Powers of health and safety inspectors under the Health and Safety at Work etc. Act 1974
Produced in partnership with David Travers QC and Nicholas Ostrowski, Barrister of 6 Pump Court Chambers
Powers of health and safety inspectors under the Health and Safety at Work etc. Act 1974

The following Corporate Crime practice note produced in partnership with David Travers QC and Nicholas Ostrowski, Barrister of 6 Pump Court Chambers provides comprehensive and up to date legal information covering:

  • Powers of health and safety inspectors under the Health and Safety at Work etc. Act 1974
  • The Health and Safety Executive
  • Basis of the HSE’s statutory powers
  • Powers of local authorities and other regulators
  • Inspectors appointed pursuant to HSWA 1974, s 19
  • The instrument of appointment
  • The powers of inspectors appointed under HSWA 1974, s 19
  • Interviews and witness statements
  • Dealing with imminent danger
  • Serving Improvement or Prohibition Notices
  • More...

The Health and Safety Executive

The Health and Safety Executive (HSE) is a non-Departmental Body of the Department of Work and Pensions and is the main regulator for health and safety offences. It cooperates with the Crown Prosecution Service (CPS) and the police under the work related deaths protocol in cases of manslaughter and corporate manslaughter. See Practice Note: Corporate manslaughter—an introductory guide.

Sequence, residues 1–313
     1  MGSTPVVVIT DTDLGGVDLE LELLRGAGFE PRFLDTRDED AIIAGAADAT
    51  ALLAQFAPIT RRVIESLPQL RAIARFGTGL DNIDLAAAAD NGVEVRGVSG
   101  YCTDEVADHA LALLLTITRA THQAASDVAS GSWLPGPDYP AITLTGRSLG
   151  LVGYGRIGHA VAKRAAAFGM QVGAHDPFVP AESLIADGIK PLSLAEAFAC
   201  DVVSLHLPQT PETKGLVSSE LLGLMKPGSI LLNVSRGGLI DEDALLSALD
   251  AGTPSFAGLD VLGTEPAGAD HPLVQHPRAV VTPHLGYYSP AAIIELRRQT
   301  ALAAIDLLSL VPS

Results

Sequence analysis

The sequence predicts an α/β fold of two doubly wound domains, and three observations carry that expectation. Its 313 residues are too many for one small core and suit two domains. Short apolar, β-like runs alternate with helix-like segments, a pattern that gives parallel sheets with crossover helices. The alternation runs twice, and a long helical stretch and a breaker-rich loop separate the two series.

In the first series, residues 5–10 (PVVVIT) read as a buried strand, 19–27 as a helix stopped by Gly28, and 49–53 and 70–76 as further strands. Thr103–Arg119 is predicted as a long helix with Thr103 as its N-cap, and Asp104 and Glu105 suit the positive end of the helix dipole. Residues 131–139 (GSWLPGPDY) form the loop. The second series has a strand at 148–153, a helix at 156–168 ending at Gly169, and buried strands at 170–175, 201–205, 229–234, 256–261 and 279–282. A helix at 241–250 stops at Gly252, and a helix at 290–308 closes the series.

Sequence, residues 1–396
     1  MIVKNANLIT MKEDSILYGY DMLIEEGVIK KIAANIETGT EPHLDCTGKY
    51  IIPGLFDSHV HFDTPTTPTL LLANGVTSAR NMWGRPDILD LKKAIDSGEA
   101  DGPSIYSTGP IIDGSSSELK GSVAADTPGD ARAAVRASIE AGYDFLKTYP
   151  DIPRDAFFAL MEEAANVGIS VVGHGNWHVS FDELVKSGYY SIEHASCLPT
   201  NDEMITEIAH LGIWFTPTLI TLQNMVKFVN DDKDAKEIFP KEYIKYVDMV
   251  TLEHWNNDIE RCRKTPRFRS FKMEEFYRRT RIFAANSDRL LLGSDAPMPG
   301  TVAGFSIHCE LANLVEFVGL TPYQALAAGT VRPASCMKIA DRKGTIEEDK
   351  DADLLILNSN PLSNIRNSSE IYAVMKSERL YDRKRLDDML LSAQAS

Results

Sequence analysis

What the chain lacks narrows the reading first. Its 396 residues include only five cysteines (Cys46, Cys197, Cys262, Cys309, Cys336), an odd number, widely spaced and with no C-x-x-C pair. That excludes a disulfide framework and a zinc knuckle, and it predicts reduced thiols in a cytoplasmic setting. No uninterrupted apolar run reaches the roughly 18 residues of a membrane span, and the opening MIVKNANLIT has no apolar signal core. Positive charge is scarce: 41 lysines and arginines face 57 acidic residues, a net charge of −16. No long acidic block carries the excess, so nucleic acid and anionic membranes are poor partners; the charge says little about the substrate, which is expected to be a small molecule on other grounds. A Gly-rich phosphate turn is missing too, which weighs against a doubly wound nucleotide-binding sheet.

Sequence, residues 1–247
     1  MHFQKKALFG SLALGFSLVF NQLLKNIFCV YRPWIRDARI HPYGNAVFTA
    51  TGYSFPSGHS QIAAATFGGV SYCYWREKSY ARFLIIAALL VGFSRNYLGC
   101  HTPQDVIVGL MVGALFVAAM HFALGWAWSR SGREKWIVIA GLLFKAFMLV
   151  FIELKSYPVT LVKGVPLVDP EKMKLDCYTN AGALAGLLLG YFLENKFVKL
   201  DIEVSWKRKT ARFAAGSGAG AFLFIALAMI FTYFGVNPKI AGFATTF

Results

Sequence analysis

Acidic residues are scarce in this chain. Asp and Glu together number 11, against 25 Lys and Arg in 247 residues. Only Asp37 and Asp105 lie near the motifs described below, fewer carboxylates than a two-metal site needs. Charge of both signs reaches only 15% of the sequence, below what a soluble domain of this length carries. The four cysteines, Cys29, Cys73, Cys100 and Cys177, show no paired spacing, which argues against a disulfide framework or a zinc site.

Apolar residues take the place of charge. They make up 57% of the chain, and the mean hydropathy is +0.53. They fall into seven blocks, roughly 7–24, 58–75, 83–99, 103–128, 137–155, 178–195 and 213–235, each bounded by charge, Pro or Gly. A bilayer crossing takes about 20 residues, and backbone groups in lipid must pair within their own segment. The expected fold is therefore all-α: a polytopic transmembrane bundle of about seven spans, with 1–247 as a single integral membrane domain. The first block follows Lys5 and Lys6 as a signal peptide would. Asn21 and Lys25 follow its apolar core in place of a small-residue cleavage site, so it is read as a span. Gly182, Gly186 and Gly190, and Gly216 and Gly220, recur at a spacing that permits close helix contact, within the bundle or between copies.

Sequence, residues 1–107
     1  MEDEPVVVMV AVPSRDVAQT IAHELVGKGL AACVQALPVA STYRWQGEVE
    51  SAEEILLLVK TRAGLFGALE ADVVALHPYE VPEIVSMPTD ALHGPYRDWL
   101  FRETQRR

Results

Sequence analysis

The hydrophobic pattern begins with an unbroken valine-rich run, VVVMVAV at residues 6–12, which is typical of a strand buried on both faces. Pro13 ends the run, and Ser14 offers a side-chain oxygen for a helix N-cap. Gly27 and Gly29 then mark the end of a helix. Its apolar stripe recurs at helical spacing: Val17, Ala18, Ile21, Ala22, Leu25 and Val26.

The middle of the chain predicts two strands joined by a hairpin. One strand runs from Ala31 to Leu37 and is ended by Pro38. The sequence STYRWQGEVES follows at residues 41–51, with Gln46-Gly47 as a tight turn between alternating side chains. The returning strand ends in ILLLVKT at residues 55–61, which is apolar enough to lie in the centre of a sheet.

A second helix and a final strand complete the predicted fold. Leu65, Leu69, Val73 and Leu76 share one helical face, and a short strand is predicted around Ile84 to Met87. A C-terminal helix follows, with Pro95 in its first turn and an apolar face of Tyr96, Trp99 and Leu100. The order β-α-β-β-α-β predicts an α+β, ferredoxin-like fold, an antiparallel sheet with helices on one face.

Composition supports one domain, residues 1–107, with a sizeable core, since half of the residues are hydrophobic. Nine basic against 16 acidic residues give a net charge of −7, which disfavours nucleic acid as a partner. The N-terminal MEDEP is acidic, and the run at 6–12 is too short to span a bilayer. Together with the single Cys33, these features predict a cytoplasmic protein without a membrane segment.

The HSE is established by section 10 of the Health and Safety at Work etc. Act 1974 (as amended) (HSWA 1974) in order to support the aim of health and safety at work through research, through the provision of training and information and through enforcement.

Basis of the HSE’s statutory powers

The HSE’s powers and duties stem from a range of statutes and statutory instruments. A non-exhaustive list of these include:

  1. HSWA 1974, ss 11, 13, 14, 16, 18, 19, 26, 27, 50, 55, 56, 57, 59 and Schedule 2 (and subordinate legislation made under that Act)

  2. Nuclear Installations Act 1965, ss 1–6, 24A

  3. The Activity Centres (Young Persons Safety) Act 1995 (and subordinate legislation made under that Act)

  4. The Control of Major Accident Hazards Regulations 2015, SI 2015/483

  5. The Genetically Modified Organisms (Contained Use) Regulations 2014, SI 2014/1663; and

  6. The Mines and Quarries Act 1954

Powers of local authorities and other regulators

Local authorities also have an important and wide-ranging role in the enforcement of health

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